6. I support the initiatives you are considering for continued improvement of our pension system.
7. I once again ask you to consider holding all or a portion of your scheduled executive sessions at the start of the meeting in the morning rather than an elongated lunch hour during which your guests have to sit for 2-2.5 hours with no Board business to witness.
8. I again request the amount of square footage of the STRS building and ask for some response that we might have office space available to rent to other groups. We appear to have a lot of space that could be utilized for potential income.
Thank you again for listening to my concerns and we retirees are very appreciative of your efforts in directing our STRS pension fund.

RH Jones to ORTA and OEA-R: Are you fiddling while Rome burns?

From RH Jones, January 19, 2010
Subject: Re: Three pro-public Ohio pension letters in today's Toledo Blade...
To all:
Has anyone seen a message from our ORTA or OEA-R in any of the Ohio newspapers? I haven't. You will notice below that AFSCME, the union for public workers, and OPERS, the union of politicians and STRS employees have written. Without any response from these retired teacher unions to this negative attack on all public pensions (the worst attack in history on Ohio's hard working public servants) we can expect the legislature to cut us up, and no one else. Even if education = prosperity, some ignoramuses in the legislature want us in the poor house. They will get their way, if we let them.
Many CORE members have written to multiple OH newspapers, I being one of them: but, come-on ORTA and OEA-R, do your duty. From our dues money, this is the least we can ask for; or, would you rather spend the money running around the state attending social gatherings, rather than real meetings?
Get with it! Make it happen! Are you standing around as Rome burns? Write; that is what we educators are good at. Just do it!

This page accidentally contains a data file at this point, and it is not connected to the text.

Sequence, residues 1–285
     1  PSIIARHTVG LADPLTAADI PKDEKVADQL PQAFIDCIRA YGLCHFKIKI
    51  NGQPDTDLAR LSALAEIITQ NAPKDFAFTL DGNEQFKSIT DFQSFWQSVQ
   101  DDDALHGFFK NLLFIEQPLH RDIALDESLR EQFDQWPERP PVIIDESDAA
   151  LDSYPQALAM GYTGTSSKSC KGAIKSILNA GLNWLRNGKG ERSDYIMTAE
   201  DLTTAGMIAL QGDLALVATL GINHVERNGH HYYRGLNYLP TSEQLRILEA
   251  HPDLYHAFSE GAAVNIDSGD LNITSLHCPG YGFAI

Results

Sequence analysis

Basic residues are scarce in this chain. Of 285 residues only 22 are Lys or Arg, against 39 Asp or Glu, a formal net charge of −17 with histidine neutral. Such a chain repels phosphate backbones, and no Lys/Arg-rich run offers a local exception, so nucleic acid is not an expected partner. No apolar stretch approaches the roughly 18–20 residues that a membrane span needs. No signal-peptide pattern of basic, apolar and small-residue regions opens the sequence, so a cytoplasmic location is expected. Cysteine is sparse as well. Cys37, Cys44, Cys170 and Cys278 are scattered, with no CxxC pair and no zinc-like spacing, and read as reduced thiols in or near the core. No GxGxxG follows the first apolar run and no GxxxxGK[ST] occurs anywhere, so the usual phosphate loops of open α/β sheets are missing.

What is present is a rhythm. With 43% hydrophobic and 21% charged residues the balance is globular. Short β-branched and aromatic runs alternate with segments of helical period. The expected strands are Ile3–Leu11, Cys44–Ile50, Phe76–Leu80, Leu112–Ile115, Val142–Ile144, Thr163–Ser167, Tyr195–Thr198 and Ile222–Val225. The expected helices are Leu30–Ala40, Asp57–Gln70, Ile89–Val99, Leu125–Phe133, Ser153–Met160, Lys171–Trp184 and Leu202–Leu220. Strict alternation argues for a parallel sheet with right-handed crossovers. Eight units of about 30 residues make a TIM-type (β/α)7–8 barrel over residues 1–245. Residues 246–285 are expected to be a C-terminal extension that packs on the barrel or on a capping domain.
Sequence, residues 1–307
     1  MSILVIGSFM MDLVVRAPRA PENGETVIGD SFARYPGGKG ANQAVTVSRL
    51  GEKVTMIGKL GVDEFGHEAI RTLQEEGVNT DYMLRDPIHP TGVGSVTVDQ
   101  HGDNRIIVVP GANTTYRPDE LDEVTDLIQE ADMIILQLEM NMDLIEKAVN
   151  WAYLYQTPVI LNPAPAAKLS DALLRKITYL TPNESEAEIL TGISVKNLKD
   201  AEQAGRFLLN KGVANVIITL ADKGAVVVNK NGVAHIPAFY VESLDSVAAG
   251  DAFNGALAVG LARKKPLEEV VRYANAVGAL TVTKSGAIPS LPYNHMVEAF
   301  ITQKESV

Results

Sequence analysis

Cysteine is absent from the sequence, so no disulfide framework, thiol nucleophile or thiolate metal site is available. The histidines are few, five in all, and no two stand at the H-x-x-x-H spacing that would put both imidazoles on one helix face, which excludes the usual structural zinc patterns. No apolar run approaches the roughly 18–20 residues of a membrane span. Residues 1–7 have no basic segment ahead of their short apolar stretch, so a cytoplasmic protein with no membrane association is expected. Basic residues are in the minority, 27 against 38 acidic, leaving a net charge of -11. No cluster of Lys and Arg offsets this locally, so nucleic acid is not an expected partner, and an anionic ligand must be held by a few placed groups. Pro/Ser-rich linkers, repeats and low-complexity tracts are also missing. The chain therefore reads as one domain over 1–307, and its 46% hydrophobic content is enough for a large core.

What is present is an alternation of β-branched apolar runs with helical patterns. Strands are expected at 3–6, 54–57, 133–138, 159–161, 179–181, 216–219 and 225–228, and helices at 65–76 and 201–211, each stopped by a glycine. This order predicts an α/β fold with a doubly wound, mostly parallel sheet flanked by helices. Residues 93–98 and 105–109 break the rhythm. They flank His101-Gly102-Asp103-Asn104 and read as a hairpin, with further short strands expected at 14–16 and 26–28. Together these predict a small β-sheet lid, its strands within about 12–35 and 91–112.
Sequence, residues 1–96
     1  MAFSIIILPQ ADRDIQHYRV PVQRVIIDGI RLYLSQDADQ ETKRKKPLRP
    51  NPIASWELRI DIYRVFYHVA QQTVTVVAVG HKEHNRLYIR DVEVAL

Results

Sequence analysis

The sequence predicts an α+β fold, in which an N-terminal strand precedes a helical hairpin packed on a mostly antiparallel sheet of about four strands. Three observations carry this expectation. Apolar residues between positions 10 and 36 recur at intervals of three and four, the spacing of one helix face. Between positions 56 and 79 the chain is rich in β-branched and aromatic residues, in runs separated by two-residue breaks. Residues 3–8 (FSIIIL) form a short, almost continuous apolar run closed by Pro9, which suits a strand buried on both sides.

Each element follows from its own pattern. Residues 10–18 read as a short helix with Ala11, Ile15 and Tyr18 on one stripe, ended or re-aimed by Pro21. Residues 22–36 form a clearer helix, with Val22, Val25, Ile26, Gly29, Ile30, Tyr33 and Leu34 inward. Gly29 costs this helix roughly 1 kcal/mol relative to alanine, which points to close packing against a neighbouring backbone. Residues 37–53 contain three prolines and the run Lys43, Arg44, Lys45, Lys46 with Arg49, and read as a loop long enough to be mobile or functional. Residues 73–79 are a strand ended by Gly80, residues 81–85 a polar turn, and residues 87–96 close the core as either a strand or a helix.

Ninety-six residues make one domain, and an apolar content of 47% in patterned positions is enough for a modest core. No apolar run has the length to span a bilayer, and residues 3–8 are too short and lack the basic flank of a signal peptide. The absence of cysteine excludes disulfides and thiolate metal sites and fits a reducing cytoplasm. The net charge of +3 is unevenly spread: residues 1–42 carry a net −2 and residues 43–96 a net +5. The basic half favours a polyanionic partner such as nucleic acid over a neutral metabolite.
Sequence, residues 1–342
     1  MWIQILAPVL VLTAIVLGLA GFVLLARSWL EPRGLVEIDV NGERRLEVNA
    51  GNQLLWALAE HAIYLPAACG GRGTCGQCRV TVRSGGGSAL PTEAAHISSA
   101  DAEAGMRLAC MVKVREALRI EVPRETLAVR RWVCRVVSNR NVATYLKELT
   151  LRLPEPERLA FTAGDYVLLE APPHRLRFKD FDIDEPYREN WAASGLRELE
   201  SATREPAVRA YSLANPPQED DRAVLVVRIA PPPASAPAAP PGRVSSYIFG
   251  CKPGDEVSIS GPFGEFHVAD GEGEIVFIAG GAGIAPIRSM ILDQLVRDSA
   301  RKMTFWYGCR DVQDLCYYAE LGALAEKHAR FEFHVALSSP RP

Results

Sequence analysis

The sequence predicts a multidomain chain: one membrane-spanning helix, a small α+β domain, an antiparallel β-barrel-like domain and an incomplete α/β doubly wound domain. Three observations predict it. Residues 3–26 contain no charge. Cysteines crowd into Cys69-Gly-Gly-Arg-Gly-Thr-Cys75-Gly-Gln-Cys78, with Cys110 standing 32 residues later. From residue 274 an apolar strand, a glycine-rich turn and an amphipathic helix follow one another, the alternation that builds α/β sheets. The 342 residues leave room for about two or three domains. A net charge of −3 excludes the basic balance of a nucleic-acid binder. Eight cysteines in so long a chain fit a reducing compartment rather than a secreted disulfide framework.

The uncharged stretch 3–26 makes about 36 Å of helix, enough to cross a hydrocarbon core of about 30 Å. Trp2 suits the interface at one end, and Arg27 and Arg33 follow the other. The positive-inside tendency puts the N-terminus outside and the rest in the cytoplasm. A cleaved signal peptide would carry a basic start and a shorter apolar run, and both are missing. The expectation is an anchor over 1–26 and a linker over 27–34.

RHJones, the individual opinion of a proud member of CORE

Three pro-public Ohio pension letters in today's Toledo Blade...

From John Curry, January 19, 2010
Toledo Blade, January 19, 2010
Pensions a good deal for Ohio
The Blade's Jan. 10 editorial "Curb pension costs" didn't increase awareness of the challenges facing Ohio's public employee pension system.
First, unlike workers in the private sector, the majority of Ohio public employees will never receive Social Security benefits.
Second, contrary to your claims, eliminating "defined benefit" plans in favor of 401(k)-style "defined contribution" plans carries a higher price tag than leaving benefits as they are. After all, 401(k)s were intended to supplement pension plans, not replace them.
Third, your editorial's basic premise, that maintaining the current pension system will require "ruinous tax hikes," doesn't hold water. The reality is that government kicks in only 25 cents for every dollar paid in benefits to a retired public worker. The rest is funded by investment returns and by employees.
Today, for every dollar in benefits paid, Ohio's public pension system returns $1.33 to the state economy. Each year, retired public employees spend $8.4 billion in Ohio.